Of all things, I liked books the best. My father had a large library, and whenever I could manage to, I tried to satisfy my passion for reading. He did not permit it, and would fly into a rage when he caught me in the act. He hid the candles when he found that I was reading in secret — he did not want me to spoil my eyes. But I obtained tallow, made the wicking and cast the sticks into tin forms, and every night I would cover the keyhole and the cracks in the door and read, often till dawn, when the rest of the family slept and my mother started on her daily tasks.
On one occasion, I came across a novel entitled Abafi (The Son of Aba), a Serbian translation of a well known Hungarian writer, Josika. This work somehow awakened my dormant powers of will, and I began to practice self-control. At first, my resolutions faded like snow in April, but soon I conquered my weakness, and felt a pleasure I never knew before — that of doing as I willed. In the course of time, this vigorous mental exercise became second nature to me. At the outset, my wishes had to be subdued, but gradually desire and will grew to be identical. After years of such discipline, I gained so complete a mastery over myself that I toyed with passions which have meant destruction to some of the strongest men.
At a certain age I contracted a mania for gambling, which greatly worried my parents. To sit down to a game of cards was for me the quintessence of pleasure. My father led an exemplary life, and could not excuse the senseless waste of time and money in which I indulged. I had a strong resolve, but my philosophy was bad. I would say to him, “I can stop whenever I please, but is it worthwhile to give up that which I would purchase with the joys of Paradise?”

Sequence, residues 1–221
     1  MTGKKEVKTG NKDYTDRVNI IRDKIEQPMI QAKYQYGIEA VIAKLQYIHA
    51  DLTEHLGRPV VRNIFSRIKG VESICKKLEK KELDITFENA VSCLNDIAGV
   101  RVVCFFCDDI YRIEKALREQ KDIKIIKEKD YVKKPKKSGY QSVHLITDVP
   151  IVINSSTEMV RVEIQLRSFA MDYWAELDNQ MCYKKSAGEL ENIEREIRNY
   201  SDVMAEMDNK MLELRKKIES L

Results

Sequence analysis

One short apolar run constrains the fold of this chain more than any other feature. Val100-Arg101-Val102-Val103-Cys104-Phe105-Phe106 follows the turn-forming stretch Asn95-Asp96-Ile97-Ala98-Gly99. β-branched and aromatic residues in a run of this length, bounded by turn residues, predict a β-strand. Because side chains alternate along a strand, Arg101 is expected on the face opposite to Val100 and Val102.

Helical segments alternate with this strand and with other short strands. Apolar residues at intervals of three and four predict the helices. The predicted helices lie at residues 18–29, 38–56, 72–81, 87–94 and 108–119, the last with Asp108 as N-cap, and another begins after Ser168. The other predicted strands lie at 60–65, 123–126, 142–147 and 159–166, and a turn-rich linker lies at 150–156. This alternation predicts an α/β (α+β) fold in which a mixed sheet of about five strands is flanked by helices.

On frequent occasions he gave vent to his anger and contempt, but my mother was different. She understood the character of men, and knew that one’s salvation could only be brought about through his own efforts. One afternoon, I remember, when I had lost all my money and was craving for a game, she came to me with a roll of bills and said, “Go and enjoy yourself. The sooner you lose all we possess, the better it will be. I know that you will get over it.” She was right. I conquered my passion then and there, and only regretted that it had not been a hundred times as strong.
I not only vanquished but tore it from my heart so as not to leave even a trace of desire. Ever since that time I have been as indifferent to any form of gambling as to picking teeth.
During another period I smoked excessively, threatening to ruin my health. Then my will asserted itself and I not only stopped, but destroyed all inclination. Long ago I suffered from heart trouble, until I discovered that it was due to the innocent cup of coffee I consumed every morning. I discontinued at once, though I confess it was not an easy task. In this way I checked and bridled other habits and passions, and have not only preserved my life but derived an immense amount of satisfaction from what most men would consider privation and sacrifice.
For more, see the Nikola Tesla page on Caterpillar.ink.